Updated: Jul 10, 2020
| This is the 102nd story of Our Life Logs |
Each one of us has a story. Mine is a tale of a woman who was able to achieve her dreams because of the people along the way. If others had chosen to let my life unfold without stepping in, I don’t think I would’ve made it.
I was born in 1992 in Chwele, Kenya as the third born in a family of seven. My father was a teacher, and my mother was a businesswoman. I miss the simplicity of my childhood. My father used to take us to Kitale Agricultural Show Ground in Trans Nzoia where we would see various animal and plant species, and the farmers from all over the country who shared their practice. In those days, I always enjoyed the company of my siblings. We protected each other. When the other children bullied me, my siblings fought to defend me. Eventually, my parents forbade us from playing with the other kids because they knew the lengths we would go to keep each other safe.
By 2007, I had begun attending an all-girls boarding school called Bishop Njenga High School in Kakamega County with the dream of becoming an aeronautical engineer. While I was studying hard to make sure that I was able to pursue this career, I started dating my first boyfriend, Peter. He was not only handsome, but also brilliant in class. His exemplary performance enabled him to join Friends School Kamusinga, one of the best institutions in the country. I felt proud walking around with him whenever we went home during the holidays. Like many teenagers in love, I wanted to see Peter all the time—even if it was without permission. After sneaking out many, many times, I was caught. I was expelled from school. According to school rules, any student who was caught skipping class would be expelled. I could not believe I had blown my chances of furthering my education at this prestigious school. All for a boy. My whole world shattered in that moment.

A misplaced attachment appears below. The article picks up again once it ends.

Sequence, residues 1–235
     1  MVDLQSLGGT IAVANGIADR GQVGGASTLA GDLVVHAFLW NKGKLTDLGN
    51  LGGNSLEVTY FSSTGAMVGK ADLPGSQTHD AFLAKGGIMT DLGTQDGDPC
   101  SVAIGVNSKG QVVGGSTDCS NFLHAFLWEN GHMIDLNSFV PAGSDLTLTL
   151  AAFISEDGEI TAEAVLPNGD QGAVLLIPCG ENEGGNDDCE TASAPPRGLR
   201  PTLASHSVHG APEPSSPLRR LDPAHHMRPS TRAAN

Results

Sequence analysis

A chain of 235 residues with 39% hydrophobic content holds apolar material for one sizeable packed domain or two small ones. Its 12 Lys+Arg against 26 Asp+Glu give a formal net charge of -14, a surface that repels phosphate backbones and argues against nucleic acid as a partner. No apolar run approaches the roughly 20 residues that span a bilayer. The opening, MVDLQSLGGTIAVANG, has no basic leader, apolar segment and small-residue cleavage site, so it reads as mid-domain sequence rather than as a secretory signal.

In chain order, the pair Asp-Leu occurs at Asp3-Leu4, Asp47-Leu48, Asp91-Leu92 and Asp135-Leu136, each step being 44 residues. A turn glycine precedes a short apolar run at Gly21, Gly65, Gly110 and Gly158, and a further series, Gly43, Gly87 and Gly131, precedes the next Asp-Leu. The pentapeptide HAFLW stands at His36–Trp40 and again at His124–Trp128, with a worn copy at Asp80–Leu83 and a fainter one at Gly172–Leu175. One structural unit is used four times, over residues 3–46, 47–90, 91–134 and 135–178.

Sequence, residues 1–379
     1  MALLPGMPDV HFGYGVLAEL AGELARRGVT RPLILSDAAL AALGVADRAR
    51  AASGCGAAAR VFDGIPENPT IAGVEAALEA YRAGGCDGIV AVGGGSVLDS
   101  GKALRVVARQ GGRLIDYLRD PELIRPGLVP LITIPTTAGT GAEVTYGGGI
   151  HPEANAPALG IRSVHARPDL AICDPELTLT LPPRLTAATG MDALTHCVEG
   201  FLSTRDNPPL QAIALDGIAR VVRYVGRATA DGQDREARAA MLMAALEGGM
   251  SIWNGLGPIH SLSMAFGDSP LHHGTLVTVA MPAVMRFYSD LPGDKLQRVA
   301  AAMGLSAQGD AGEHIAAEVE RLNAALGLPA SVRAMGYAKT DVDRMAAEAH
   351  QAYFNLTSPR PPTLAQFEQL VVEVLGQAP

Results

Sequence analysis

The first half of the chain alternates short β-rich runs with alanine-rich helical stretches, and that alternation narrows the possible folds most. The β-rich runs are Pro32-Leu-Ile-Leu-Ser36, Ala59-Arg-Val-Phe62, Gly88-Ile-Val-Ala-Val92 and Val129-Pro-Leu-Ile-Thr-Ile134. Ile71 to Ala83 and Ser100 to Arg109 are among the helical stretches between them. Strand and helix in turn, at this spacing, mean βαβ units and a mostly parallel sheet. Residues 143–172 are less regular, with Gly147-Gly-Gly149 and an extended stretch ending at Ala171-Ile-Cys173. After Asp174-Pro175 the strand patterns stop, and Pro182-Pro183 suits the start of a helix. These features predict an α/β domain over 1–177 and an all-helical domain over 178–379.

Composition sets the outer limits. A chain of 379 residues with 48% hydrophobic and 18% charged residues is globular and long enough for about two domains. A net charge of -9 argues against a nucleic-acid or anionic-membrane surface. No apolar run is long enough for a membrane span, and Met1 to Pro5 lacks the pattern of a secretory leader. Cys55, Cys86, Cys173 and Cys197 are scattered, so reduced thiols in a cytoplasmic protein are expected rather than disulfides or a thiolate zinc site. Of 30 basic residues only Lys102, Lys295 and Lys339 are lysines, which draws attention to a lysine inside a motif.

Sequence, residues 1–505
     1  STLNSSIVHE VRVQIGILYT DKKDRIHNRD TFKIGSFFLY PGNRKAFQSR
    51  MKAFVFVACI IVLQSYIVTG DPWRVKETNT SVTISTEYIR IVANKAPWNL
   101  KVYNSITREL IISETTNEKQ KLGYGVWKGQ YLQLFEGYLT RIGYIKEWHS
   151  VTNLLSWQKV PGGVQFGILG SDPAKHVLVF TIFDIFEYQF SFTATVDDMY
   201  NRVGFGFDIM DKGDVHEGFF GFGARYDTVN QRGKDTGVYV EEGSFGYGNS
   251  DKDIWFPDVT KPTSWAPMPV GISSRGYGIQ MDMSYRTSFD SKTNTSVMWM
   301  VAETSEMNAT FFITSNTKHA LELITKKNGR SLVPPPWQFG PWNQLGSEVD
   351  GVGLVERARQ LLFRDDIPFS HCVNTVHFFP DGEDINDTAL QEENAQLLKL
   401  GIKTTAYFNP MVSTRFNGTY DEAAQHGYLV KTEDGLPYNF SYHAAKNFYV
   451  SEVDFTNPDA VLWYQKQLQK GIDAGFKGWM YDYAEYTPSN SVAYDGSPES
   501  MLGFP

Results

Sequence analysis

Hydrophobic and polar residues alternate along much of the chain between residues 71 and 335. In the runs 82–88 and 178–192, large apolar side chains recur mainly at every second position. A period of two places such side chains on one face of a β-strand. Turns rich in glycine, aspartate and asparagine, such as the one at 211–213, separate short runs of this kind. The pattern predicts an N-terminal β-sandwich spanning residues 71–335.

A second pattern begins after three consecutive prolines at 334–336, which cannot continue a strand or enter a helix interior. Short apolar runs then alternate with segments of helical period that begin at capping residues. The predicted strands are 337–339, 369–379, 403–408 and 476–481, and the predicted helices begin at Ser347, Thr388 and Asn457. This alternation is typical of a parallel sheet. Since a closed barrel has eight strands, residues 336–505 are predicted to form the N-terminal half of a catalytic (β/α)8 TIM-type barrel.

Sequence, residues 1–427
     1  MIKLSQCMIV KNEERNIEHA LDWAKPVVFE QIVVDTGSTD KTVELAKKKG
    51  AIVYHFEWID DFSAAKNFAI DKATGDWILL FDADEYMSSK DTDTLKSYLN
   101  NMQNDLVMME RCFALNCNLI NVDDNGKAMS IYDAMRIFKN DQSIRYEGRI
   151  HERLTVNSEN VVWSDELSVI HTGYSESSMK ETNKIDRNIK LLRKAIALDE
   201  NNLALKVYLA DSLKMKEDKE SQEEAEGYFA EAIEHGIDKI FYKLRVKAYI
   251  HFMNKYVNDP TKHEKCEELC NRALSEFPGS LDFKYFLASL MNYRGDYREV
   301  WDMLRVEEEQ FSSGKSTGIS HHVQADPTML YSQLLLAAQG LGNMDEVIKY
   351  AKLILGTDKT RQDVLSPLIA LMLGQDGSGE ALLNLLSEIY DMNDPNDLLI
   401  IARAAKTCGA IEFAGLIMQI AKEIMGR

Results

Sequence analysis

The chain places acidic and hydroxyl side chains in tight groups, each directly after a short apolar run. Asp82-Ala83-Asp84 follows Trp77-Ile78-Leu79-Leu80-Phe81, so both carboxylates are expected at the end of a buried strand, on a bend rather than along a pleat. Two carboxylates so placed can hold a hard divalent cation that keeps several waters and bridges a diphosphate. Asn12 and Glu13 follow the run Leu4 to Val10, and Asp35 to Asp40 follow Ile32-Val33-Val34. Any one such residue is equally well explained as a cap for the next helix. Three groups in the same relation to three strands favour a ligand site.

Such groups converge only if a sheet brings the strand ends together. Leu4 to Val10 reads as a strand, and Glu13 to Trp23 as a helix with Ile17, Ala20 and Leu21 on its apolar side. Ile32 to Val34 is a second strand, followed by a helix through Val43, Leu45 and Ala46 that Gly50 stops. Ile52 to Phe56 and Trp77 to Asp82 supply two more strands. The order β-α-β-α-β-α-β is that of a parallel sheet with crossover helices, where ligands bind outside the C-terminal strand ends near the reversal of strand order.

I returned home to my village in disgrace, a laughing stock. The women in the village started a rumor that I was pregnant. The young girls started mocking me. Before I was expelled, my father used to tell me that he would not pay my school fees if I did something stupid. When he found out what had happened, he kept his promise. My father did not listen to my pleas and could not see my pain. All he could see was the shame I had brought home and he disowned me. The shame seemed cemented into my reality. Each day, I sat with my mother and watched my brothers and sisters go to school while I was stuck at home.
Even while living with the consequences of my actions, I was still in love with Peter. I tried desperately contact him or see him. I even stole my aunt’s cell phone while she was working at the farm one day. I tried calling him, but he refused to answer. Eventually I ran into his friend in town and begged him to tell Peter that I still loved him. His friend returned to me with a message: Peter didn’t want to see me anymore. I spent weeks crying and regretting ever knowing Peter. I had lost everything all because of my youthful feelings for a fleeting boy.
I laid in my bed for days with the lights off, only rising to do my chores. I lost my appetite. I could not imagine a future without Peter, and worse, I had sacrificed my relationship with my father. I was just a young, naive girl, who was now destined for a life of misery. I didn’t want to live a life of sadness and hopelessness. I formulated a plan that made sense in my mind. To end my pain, I would take my life. The next morning, I walked to the local market to purchase poison, and end my suffering.